Vocational Education: School Leaving

Department for Education written question – answered on 20th January 2023.

Alert me about debates like this

Photo of Stephen Morgan Stephen Morgan Shadow Minister (Defence) (Armed Forces and Defence Procurement), Shadow Minister (Education) (Schools)

To ask the Secretary of State for Education, what steps her Department is taking to improve vocational and technical skills among school leavers.

Photo of Robert Halfon Robert Halfon Minister of State (Education)

The department is reforming technical education in England to ensure that all post-16 students have access to high quality vocational and technical options that support progression and meet employer needs. We are putting employers at the heart of the skills system and boosting the quality of qualifications on offer by basing them on employer-led occupational standards, so that all students leave education with the skills most needed by industry.

Our reforms include the introduction of T Levels, which are a substantial and rigorous qualification that are focused on high quality learning. T Levels also include an industry placement element of around nine weeks. They provide the knowledge and experience needed for apprenticeships, skilled employment and further study, including higher education or higher technical education. The department will have 23 T Levels available from 2023 and the major providers of vocational education are already fully engaged with T Level planning and delivery, with over 200 schools either planning or already offering T Levels. We are working closely with employers and employer groups nationally to build their awareness about T Levels and the importance of vocational education and to encourage them to offer industry placements.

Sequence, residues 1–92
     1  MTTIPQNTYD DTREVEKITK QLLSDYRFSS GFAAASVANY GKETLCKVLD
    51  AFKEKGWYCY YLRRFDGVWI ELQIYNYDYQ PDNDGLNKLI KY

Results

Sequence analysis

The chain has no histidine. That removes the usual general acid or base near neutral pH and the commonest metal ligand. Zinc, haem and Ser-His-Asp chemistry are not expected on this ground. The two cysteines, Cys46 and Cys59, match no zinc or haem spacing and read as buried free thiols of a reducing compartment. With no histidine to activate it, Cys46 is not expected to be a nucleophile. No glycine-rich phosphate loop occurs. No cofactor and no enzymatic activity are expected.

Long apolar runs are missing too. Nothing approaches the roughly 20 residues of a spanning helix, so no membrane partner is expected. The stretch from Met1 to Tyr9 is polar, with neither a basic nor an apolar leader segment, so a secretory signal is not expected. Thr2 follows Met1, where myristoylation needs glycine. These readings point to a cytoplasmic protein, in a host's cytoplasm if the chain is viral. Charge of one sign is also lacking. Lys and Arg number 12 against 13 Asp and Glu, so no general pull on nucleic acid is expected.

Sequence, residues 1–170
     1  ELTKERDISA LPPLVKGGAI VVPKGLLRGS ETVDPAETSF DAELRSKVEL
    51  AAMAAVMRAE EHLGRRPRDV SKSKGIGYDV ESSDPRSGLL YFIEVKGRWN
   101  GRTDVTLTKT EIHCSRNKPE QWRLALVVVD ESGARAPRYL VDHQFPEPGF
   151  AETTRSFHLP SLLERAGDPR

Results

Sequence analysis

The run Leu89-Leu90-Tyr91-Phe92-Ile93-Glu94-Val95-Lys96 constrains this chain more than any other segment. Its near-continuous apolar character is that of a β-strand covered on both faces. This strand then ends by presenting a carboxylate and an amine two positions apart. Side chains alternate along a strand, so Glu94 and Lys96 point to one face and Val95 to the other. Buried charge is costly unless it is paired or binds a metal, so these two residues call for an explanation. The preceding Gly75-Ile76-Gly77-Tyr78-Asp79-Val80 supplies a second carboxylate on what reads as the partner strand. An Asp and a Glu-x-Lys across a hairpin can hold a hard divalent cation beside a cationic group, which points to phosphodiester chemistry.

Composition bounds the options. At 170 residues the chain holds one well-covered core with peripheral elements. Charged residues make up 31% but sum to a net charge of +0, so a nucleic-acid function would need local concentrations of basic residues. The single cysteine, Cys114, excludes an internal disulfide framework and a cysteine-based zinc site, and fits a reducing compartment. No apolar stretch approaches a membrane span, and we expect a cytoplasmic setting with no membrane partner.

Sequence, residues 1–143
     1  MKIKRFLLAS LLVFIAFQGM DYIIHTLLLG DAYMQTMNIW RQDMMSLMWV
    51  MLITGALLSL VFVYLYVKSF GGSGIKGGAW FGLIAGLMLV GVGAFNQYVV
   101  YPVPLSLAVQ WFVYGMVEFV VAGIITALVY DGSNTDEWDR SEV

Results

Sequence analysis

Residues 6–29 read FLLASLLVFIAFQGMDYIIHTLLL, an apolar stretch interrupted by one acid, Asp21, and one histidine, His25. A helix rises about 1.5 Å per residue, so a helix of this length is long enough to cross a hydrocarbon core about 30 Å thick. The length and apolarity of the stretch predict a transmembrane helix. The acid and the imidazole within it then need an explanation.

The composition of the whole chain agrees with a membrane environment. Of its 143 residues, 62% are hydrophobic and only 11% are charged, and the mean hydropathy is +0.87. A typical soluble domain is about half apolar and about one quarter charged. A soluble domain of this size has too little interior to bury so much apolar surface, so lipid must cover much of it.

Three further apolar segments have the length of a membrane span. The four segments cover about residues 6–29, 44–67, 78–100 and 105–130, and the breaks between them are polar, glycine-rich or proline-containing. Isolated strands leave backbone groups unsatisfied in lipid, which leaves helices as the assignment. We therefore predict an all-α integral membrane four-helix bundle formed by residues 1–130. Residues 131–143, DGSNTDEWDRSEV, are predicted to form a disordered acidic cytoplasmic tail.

The department is also reforming higher technical education so that it provides a high quality progression option for school leavers. Central to these reforms is the introduction of Higher Technical Qualifications (HTQs) that are approved by the Institute for Apprenticeships and Technical Education as providing the skills demanded in the workplace by employers. We are building awareness of HTQs through the introduction of the HTQ brand, a skills communication campaign targeted at young people, adults and employers, as well as by improving information, advice and guidance. The first HTQs, in digital, started being taught in September 2022, and there are over 70 providers able to deliver them. Further HTQs in construction, and health and science will be available from September 2023. All fifteen occupational routes are due to be rolled out by 2025, where relevant occupational standards are available.

Apprenticeships are a core part of the government’s skills agenda, helping to drive economic growth by improving the skills pipeline. They give employees high-quality, hands-on training to start and progress in work. They give employers the skills they need to grow, helping them fill their vacancies and train their workforces to address industry skills gaps. Apprenticeships offer a high quality route into more than 650 occupations, from entry-level to expert roles, spanning levels 2 to 7. To support more employers across the country to access them, we are increasing funding for apprenticeships in England to £2.7 billion by the 2024/25 financial year.

Does this answer the above question?

Yes0 people think so

No0 people think not

Would you like to ask a question like this yourself? Use our Freedom of Information site.